Polarity is due to the unequal sharing of electrons between the atoms. Sharing of electrons between the atoms can form either covalent or non-covalent bonds. Most of the covalent bonds involve in electron sharing irrespective of the nature of bonds between them. The number of atoms joining together determines the bond character of the molecules, and this, in turn, determines the molecular properties of given atoms.
Bond formation in chemistry
A chemical bond is a permanent attraction between atoms, ions or molecules that facilitates the formation of chemical compounds. The electrostatic force of attraction between oppositely charged ions forms bonds. The electrostatic forces are formed due to the sharing of electrons. The 4 common types of bonds are ionic bonds, covalent bonds, hydrogen bonds, and van der Waals interactions. These are again subdivided into many categories based on polarity and non-polarity. Let us discuss very commonly used bonds in chemistry.
1. Covalent bonds
Polar covalent bonds
In polar covalent bonds, the bonding pairs of the electron are pulled between the nuclei of the atoms that help in sharing the atoms. Such a pull can create electronegativity which in turn adds some more imbalance between the atoms so that an opposing electron pull starts acting. So a polar molecule is formed usually when the one end of the molecule turned almost positive ant the opposite end of the molecule has negative charges. Such a difference in electric potential ends up creating an electrical pole.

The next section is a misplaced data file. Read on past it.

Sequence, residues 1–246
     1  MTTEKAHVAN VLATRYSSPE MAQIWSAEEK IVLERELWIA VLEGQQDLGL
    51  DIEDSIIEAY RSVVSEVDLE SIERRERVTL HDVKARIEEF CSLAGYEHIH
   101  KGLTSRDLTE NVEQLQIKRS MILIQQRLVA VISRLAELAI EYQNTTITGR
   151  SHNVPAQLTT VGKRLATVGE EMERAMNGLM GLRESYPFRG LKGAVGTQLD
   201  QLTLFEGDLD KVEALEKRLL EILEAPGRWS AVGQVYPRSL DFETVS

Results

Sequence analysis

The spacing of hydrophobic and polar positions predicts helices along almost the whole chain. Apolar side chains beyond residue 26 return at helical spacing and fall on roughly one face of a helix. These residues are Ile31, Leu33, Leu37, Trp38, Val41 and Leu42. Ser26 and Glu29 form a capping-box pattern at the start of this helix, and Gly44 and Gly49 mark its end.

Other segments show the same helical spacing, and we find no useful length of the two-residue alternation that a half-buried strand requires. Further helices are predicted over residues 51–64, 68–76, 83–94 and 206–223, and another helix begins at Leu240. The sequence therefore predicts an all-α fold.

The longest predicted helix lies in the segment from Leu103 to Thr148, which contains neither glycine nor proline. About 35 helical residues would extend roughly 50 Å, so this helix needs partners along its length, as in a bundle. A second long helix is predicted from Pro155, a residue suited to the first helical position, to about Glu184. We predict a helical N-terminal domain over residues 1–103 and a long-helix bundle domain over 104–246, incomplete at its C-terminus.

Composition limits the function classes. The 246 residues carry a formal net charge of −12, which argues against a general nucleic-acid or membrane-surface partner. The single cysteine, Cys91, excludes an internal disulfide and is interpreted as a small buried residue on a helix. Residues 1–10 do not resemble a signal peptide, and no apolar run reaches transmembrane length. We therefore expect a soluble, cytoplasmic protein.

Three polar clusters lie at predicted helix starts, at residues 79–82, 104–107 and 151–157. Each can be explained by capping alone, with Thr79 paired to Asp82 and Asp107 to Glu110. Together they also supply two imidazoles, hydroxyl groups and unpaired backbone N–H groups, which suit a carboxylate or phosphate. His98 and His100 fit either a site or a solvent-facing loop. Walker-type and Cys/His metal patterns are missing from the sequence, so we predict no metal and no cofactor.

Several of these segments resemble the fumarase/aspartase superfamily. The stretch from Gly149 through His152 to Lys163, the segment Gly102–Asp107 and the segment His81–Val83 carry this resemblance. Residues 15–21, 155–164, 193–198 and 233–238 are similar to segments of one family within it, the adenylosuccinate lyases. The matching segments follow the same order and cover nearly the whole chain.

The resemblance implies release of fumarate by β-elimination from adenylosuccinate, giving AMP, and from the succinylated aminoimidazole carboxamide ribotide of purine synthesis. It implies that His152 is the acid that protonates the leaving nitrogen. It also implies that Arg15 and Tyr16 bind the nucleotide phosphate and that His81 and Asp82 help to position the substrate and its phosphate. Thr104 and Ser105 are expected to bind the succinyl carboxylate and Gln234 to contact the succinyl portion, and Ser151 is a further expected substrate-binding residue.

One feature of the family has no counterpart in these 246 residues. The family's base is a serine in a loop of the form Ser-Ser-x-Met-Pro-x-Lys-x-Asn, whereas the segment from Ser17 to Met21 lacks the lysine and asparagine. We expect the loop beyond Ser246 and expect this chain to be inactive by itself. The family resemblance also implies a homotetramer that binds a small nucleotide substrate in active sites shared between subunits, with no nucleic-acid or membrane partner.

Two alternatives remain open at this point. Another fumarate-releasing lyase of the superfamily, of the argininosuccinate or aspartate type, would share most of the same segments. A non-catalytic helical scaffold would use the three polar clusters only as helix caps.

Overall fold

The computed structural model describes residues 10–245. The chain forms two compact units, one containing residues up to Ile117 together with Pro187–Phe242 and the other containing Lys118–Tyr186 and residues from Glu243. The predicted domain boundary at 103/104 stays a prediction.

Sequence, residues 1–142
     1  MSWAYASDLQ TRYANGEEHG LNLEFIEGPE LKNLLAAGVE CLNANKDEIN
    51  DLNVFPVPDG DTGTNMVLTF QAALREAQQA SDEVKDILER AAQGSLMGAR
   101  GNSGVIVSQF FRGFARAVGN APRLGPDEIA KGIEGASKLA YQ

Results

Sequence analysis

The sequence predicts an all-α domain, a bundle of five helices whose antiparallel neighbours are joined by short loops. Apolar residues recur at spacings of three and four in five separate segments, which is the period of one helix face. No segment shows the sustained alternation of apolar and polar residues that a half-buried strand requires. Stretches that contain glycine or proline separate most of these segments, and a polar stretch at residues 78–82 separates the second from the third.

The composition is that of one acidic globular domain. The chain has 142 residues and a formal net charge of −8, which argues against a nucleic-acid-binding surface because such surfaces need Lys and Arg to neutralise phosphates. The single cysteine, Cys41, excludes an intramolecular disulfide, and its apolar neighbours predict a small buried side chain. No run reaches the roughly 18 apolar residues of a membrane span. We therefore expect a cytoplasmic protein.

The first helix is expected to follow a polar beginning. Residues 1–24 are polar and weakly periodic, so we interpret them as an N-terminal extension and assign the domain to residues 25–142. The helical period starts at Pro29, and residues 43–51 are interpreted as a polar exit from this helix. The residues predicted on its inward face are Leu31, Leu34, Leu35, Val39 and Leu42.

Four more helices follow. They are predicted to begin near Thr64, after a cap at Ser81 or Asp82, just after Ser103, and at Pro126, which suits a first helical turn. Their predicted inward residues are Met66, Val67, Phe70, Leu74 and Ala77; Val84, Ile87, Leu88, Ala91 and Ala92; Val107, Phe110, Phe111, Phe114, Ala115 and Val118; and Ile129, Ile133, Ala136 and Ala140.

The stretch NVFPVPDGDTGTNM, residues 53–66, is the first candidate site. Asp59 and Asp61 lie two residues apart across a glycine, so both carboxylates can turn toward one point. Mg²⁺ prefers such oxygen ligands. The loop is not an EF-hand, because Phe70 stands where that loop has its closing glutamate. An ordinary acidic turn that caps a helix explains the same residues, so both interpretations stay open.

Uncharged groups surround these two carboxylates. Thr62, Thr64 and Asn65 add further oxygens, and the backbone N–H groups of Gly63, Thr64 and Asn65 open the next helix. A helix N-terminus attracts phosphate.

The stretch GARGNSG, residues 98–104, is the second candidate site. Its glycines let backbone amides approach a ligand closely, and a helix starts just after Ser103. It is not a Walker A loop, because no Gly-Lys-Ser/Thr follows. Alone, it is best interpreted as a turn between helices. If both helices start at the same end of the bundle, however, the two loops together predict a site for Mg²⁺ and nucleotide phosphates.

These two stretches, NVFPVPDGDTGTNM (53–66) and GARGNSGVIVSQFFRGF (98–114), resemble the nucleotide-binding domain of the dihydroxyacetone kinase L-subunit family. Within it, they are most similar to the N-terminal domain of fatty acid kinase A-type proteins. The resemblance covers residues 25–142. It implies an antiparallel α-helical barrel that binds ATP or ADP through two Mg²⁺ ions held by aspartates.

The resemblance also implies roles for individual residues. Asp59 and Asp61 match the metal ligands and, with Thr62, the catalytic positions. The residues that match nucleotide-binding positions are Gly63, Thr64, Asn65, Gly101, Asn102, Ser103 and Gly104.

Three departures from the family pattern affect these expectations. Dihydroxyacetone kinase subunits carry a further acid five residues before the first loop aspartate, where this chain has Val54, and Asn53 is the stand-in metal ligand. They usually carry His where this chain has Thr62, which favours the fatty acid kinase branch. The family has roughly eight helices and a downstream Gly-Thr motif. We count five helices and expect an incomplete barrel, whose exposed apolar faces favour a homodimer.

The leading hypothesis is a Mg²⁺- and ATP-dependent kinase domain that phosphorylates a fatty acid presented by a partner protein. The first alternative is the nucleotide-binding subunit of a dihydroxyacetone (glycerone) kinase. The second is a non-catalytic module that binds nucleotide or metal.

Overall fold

Non-Polar covalent bonds
A non-polar covalent bond is formed when the atoms experience an equal bond pull, and the bonding electrons are also shared equally. Molecules of hydrogen, oxygen, and nitrogen have non-polar covalent bonds. The table below helps to understand how bonds can be predicted based on the electronegativity. The degree of Polarity of bonds depends upon the relative electronegativity of participating atoms and the spatial arrangement of various bonds in the Atom. Because there is an electric difference between the 2 sides, it eventually leads to the movement of electrons towards the more electronegative element. The table below provides a clue about how electronegativity differences lead to different bond types.
Type of bond
Covalent( slightly polar)
Ionic bonding completely transfers the valence electron(s) between atoms, consequently, it generates two oppositely charged ions. An ionic bond is selective and is commonly seen in metals and non-metals where the metal loses electrons to become a positively charged cation, while the nonmetal accepts electrons to turn to form a negatively charged anion. The difference between the covalent and ionic bond is that, in covalent bonds, atoms share electrons while in ionic bonds atoms transfer electrons.
A hydrogen bond depicts a dipole-dipole attraction between molecules. It occurs due to the attractive force between a hydrogen atom that covalently bonded to a very electronegative atom such as nitrogen, oxygen etc. The best example of a hydrogen bond is water molecules bonding together in the form of ice.
4. Van der Waals interactions